pinholing – A defect in a coating characterized by pinhead-sized holes that expose the underlying substrate.
plastic – A condition of freshly mixed concrete indicating that it is workable and readily moldable.
plastic shrinkage cracks – Irregular cracks that occur in the surface of fresh concrete soon after it is placed and while it is still plastic.
plasticity – Property of freshly mixed concrete, cement paste, or mortar which determines its ease of molding or resistance to deformation.
platform tools – Rigid stamps made of plastic or metal that leave deep grooves in freshly stamped concrete, which can later be grouted or left open.
*polished concrete – A high-gloss finish attained by using special floor polishers fitted with diamond-impregnated abrasive disks (similar to sandpaper) to grind down surfaces to the desired degree of shine and smoothness. The resulting surface is very low-maintenance and can be stained to replicate the look of polished stone. (Also see dry polishing, wet polishing, diamond grinding.)
polyaspartic – An aliphatic polyurea coating that is very fast-curing and that can be applied to concrete over a wide range of temperatures. Seamless polyaspartic floors are typically applied in two or three coats with embedded vinyl or quartz chips to form a highly stain- and abrasion-resistant coating.
*polymer-modified overlay – A cement-based overlay with polymer resins added to improve performance, wear resistance, and aesthetic qualities. Overlay manufacturers use different types of polymer resins, often blending them to produce proprietary products with unique characteristics. Many of todays decorative overlays use acrylics or vinyl blends because these resins provide excellent bond strength and UV resistance.
polymer stain – An acrylic-urethane based stain available in a broader palette of colors than acid stains. Very low in volatile organic compounds, with workability characteristics similar to latex paint. Can be applied to concrete surfaces by brush, roller, sponge, cloth, or commercial sprayer.
popout – A pit or crater in the concrete surface, ranging in size from 1/4 inch to several inches in diameter, that results from the fracturing of unsound aggregate particles due to expansion pressure. Usually caused by porous aggregate having a high rate of absorption.
pot life – The length of time a material is useful after its original package is opened or a catalyst is added.
profile – The act of preparing a concrete surface to achieve the necessary degree of roughness (also see concrete surface profile).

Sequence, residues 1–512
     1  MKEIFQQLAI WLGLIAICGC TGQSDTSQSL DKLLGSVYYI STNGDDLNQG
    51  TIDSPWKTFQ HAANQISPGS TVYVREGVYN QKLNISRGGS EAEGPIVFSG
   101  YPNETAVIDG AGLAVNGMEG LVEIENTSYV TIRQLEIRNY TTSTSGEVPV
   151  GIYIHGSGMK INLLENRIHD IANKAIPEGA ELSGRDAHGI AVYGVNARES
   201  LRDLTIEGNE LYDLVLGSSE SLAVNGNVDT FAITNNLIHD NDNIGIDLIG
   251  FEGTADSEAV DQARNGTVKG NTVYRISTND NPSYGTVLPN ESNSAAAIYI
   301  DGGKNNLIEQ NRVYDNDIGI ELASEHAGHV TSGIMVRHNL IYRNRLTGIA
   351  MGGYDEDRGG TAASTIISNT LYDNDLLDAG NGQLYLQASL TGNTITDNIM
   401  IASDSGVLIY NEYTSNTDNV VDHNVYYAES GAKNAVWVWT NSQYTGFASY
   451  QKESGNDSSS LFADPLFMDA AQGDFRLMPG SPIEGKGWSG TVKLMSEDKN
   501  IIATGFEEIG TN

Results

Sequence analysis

portland cement – A hydraulic product that sets and hardens when it chemically interacts with water. Made by burning a mixture of limestone and clay or similar materials. (Also see white cement.)
pozzolan – A siliceous and aluminous material that, in the presence of moisture, chemically reacts with calcium hydroxide to form compounds possessing cementitious properties. (Also see cement replacement).
primer – The first coat of material applied to a concrete surface to improve bonding or adherence of subsequent coats. See also bond coat.
pump-up sprayer – An airless sprayer often used to apply sealers and liquid release agents.
raveling – The dislodging of aggregate at the edges of joints or scored patterns in concrete, generally caused by saw cutting joints too soon after concrete placement.
ready-mixed concrete – Concrete that is batched or mixed at a central plant before delivery to the job site for placement.
rebar (or reinforcing bars) – Ribbed steel bars installed in cast-in-place concrete to provide flexural strength. Rebar come in various diameters and strength grades.
reentrant corner – An angle in a concrete slab that points inward. Often vulnerable to cracking, unless a control joint is installed.
reflection cracking – The occurrence of cracks in overlays and toppings that coincide with the location of existing cracks in the substrate.
reinforced concrete – Concrete construction that has steel rebaror welded wire mesh embedded in it to provide greater tolerance to tension and flexural stress.
release agent – A powder or liquid parting agent applied to stamping mats or texturing skins before stamping to keep the mats from sticking to fresh overlay or concrete surfaces.
rustication strip – A strip made of wood, polystyrene, or plastic that is fastened to forms or form liners to impart architectural details to wall surfaces.
sacrificial coating – A final floor finish or wax designed to protect the sealer or topcoat from wear. Usually applied by mop or floor buffer in several coats to act as a shock absorber to scuffs, scratches, and grime.
salt finish – A textured, decorative finish obtained by broadcasting rock salt onto fresh concrete and then using a roller or float to press the salt particles into the surface. After the concrete sets, the salt is washed away to reveal a speckled pattern of shallow indentations.
sample (or sample board) – A small (generally 2×2-foot) representation of a decorative concrete installation, used as a selling tool or to experiment with various decorative treatments and techniques for applying materials.
sandblast stenciling – A technique for patterning existing concrete surfaces by applying resilient adhesive stencils followed by sandblasting to lightly remove concrete in only the exposed areas. (Also see stenciled concrete.)